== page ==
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This archived content is from Mary Wilkins’ sewing and quilting message board “Sew What’s New,” which was retired in August 2007. It is being provided by “Sew What’s Up,” which serves as the new home for many members of “Sew What’s New.”
From: auntiesewer
Date: 08-08-2005, 09:40 PM (1 of 4)
Hi I am making clothes for my niece who is starting Pre-K in a few weeks. I am making these cute little dresses and I want to make matching ruffles for the bottoms. On some of the dresses I have used pre-made eyelet but some dresses need a ruffle of coordinating fabric.

Anyway, I have a serger and I have a ruffle attachment. I have no idea how to use the attachment. But I read in my manual about doing gathering. I wanted the ruffle to be folded in half and gathered, but I couldn't figure out how to get it to gather if I had the fabric folded, only if it was a single thickness of fabric. So I gathered on both edges of the fabric then folded the fabric in half and stitched the edges together. This worked pretty well, but I am wondering if there is an easier way to make a ruffle.

Does anyone have any suggestions?

Thanks :monkey:
User: auntiesewer
Member since: 08-08-2005
Total posts: 2
From: fronno
Date: 08-09-2005, 08:32 AM (2 of 4)
Hello Auntiesewer,

I do not know which serger you have, but I do it in the following way.
Ruffles on a single piece of fabric with a serger.
Use four threads
Differentialtransport 2
Stitchlength 3-4
Seamwidth (or cuttingwidth) 2-3
Tension of the threads 6-8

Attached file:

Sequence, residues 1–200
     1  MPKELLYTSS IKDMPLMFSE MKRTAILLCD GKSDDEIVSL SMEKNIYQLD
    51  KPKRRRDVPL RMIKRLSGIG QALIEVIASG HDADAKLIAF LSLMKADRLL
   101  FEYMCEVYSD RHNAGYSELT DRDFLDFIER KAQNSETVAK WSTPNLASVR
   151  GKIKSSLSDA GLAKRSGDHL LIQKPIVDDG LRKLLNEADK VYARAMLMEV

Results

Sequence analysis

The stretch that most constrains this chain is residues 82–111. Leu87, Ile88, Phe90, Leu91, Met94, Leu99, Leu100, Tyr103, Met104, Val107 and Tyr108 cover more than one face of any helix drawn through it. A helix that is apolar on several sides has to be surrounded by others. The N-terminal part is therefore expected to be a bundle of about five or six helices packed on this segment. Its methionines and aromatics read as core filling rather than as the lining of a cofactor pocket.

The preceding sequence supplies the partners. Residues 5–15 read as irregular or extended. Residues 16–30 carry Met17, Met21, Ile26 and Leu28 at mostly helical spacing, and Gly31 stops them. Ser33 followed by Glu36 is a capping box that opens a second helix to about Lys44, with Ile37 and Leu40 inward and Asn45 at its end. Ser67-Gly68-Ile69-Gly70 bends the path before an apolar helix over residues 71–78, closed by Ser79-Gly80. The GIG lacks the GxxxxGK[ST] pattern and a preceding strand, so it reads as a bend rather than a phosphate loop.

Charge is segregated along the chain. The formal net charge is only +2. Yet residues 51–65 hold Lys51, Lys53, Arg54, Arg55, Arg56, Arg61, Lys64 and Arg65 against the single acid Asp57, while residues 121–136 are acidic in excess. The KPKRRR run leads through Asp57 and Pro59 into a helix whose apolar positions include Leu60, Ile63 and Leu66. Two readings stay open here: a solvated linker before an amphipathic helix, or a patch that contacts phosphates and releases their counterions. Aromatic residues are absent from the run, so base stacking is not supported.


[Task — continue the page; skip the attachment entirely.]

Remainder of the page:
And for now the clue: how higher the tension of your threads, the more ruffles you will get .
With kind regards,
User: fronno
Member since: 04-26-2004
Total posts: 79
From: auntiesewer
Date: 08-09-2005, 05:30 PM (3 of 4)
Sorry, I guess it might be different for different machines. I have a Kenmore Overlock 2/3/4D.

What you said about the settings is about what I used. But it wouldn't ruffle if the fabric was folded into two thicknesses.

Maybe the way I did it by ruffling both edges then folding the fabric is the only way to get it to work. It made a nice ruffle that way, I just thought I might have missed something when I was trying to do a double thickness.

Thanks for your response.
User: auntiesewer
Member since: 08-08-2005
Total posts: 2
From: dmoses
Date: 08-09-2005, 07:56 PM (4 of 4)
Could you have basted the two raw edges together and then treated it as one? That way you would have only had to ruffle one edge.
Take care,
User: dmoses
Member since: 02-22-2002
Total posts: 964
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